- Given our newfangled penchant for the darker arts, it’s probably time for a James Merrill revival. I do not mean this literally: we should not raise James Merrill from the dead. Still, we might commune with him. To aid our spiritual discourse, Dwight Garner points out, we should turn to the Ouija board, the supposedly harmless instrument Merrill used to write The Changing Light at Sandover. As it happens, Merrill’s own biographer, Langdon Hammer, recently dusted off his Ouija, although he was too ravaged by paradox to contact the poet: “We didn’t try [to commune with Merrill]. I guess it seemed beside the point. Who had invited us to the table and sat us down at the board if not James Merrill? We were already in contact … Looking back now, I think the board had a point to make. Using it puts you in touch with the soul. But it’s not the soul as we normally think of it—something singular and deep inside you. According to the Ouija board, it takes two people to create the soul, and it exists out there, between and beyond them.”
Is Kanye’s McDonald’s poem a parable of class struggle?
When I wrote in May about the seriocomic implications of a Burger King Spa opening in Helsinki, I thought I’d pegged the most extraordinary fast-food story of the year. Reader, I blew it. In the past month alone, McDonald’s has opened a “McDonald’s of the Future” in Saint Joseph, Missouri, luring customers to their purportedly healthier, Chipotlified restaurant by promising all-you-can-eat fries; BK has debuted the “Whopperito,” a burger-burrito hybrid that fits in your cup holder; and KFC has sold two thousand bottles of fried-chicken-scented SPF 30 sunscreen. For any writer hoping to capture the texture of our greasy-fingered moment, the ineffable Sturm und Drang of life in a world where Denny’s believes the ideal male body is a stack of flapjacks, the outlook is grim. As Philip Roth wrote, American reality “stupefies, it sickens, it infuriates, and finally it is even a kind of embarrassment to one’s own meager imagination. The actuality is continually outdoing our talents.” And he said that before Chicken Fries were a thing.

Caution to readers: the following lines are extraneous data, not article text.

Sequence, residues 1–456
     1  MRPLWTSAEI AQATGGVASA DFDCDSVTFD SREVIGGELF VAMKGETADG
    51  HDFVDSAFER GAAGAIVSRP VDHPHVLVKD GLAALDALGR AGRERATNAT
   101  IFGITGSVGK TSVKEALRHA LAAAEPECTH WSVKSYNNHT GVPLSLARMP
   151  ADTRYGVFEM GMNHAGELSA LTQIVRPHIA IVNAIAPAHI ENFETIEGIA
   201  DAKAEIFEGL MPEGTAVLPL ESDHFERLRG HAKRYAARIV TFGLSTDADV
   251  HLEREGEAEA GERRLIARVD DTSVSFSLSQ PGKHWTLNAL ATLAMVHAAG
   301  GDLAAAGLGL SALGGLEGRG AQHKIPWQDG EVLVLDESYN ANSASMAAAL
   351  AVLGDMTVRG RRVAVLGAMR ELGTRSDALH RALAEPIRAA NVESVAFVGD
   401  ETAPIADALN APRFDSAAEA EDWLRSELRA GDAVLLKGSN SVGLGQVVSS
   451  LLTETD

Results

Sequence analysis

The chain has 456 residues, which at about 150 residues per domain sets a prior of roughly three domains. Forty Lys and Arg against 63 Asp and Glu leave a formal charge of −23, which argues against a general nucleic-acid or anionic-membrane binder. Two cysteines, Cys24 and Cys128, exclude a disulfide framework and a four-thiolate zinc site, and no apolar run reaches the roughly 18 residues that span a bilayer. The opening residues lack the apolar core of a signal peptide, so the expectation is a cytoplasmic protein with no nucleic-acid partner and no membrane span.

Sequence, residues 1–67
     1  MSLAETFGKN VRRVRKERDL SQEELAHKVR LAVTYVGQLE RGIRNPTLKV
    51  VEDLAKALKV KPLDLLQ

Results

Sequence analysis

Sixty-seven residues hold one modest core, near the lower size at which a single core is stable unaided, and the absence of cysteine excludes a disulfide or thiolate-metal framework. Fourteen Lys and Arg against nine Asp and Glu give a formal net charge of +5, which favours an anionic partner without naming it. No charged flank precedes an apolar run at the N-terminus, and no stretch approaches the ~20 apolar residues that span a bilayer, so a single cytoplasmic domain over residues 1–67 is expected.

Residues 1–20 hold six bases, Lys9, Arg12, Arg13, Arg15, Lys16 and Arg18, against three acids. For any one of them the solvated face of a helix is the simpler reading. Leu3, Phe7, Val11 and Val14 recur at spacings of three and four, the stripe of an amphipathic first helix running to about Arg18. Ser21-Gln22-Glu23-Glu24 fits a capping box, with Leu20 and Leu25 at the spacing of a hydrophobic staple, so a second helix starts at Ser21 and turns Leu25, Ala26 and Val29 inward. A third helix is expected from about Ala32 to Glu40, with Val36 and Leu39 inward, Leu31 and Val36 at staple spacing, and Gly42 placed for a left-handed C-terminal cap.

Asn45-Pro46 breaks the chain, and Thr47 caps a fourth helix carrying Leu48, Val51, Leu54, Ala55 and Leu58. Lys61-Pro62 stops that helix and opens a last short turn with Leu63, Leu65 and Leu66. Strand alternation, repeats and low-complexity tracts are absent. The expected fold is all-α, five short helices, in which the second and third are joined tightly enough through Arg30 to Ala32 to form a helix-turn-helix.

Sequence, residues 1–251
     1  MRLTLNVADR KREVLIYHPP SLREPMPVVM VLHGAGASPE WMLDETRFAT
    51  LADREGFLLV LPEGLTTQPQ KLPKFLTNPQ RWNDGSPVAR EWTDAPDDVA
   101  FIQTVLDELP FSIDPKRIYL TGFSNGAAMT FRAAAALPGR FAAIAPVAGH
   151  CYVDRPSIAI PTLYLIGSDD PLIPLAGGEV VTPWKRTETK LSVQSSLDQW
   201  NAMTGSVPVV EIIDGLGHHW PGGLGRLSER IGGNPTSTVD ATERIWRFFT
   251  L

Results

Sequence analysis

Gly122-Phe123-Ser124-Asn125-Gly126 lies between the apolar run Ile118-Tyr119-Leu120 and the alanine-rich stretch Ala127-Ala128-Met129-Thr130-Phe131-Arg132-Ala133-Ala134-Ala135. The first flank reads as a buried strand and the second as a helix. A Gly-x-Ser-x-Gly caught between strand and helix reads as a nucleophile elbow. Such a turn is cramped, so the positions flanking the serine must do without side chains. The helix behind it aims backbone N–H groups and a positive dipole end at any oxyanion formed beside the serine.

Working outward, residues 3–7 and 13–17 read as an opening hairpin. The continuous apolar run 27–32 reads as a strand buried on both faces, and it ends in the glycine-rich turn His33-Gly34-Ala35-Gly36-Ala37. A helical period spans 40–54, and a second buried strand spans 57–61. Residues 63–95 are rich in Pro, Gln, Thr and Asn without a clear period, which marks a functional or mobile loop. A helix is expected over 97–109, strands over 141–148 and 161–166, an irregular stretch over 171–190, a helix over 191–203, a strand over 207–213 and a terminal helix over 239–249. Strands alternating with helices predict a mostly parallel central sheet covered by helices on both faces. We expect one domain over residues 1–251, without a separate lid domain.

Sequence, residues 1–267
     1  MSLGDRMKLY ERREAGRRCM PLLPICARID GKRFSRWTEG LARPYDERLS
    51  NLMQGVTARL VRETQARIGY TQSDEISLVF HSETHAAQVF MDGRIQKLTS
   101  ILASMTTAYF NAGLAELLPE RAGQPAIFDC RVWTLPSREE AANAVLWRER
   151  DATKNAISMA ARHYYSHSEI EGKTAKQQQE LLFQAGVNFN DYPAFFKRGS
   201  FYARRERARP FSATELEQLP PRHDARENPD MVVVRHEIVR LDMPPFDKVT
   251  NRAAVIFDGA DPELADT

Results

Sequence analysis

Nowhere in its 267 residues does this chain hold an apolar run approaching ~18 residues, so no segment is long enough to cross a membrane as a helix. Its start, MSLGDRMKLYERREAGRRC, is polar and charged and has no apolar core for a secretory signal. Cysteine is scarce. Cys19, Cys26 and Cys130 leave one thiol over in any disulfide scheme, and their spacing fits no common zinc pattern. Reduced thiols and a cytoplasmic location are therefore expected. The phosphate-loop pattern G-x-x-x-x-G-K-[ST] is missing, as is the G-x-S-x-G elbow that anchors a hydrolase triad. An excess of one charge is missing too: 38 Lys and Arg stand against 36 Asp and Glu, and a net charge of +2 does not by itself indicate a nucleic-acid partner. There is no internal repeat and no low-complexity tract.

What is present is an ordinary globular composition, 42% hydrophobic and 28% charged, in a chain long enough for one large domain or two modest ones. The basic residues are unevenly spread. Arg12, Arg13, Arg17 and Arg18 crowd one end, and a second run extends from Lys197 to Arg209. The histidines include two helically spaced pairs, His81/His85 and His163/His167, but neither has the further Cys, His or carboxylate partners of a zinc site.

But Philip Roth is no Kanye West, and Kanye West won’t just sit there while actuality outdoes his talents—heaven forfend. Instead, Kanye West has published a poem about Mickey D’s in Boys Don’t Cry, a one-off zine from Frank Ocean. It goes like this: Read More
This week, Project Gutenberg made available Acrobats and Mountebanks, an 1890 book that explores the circuses, fairs, carnivals, and hippodromes of nineteenth-century France. Written by Hugues Le Roux and Jules Garnier, and translated from the French by A. P. Morton, the book features 233 illustrations of clowns, trainers, tamers, equestrians, equilibrists, acrobats, gymnasts, contortionists, fortune-tellers, dwarves, elephants, carousels, Ferris wheels, and all the trappings of classic mountebankery. It’s worth perusing for the drawings, a selection of which are presented above—but it’s also, after more than a century, still an astonishingly funny read, full of sharp observations and acerbic asides. Here, for instance, is a passage on dwarves:
No one should wonder at the fact that many people are more interested in the abnormal than in the beautiful. But this trait being once recognised, the dwarf is more wonderful than the giant; man is such a complicated machine, that in watching these microscopic creatures who gesticulate and speak like ourselves, we feel something of the same astonishment that would strike us if we found the seconds marked by a miniature watch which we could only see through a magnifying glass. For this reason the dwarf show is one of the most popular booths in the fair.
Every one knows that there are two kinds of dwarfs—those who are naturally dwarfs, and those who, as children, were at first of average size and growth, but whose development was abruptly checked. In their case the limbs which no longer grew, were yet capable of enlargement. As a rule the head is enormous. Monsieur François, from the Cirque Franconi—the partner of Billy Hayden the clown, the tiny circus rider—is a typical specimen of this class of dwarfs, who are called noués to distinguish them from the perfect miniature of humanity. They are physically deformed, but in all other respects they resemble other men. François, for instance, is very intelligent. I shall always remember our first interview two years ago in Erminia Chelli’s box at the Cirque d’Eté.
“How old are you, Monsieur François?”
“I am older than you are, M. François; yet, as you know, I am not celebrated.”
M. François shook his head … “You see not every one can be a dwarf.”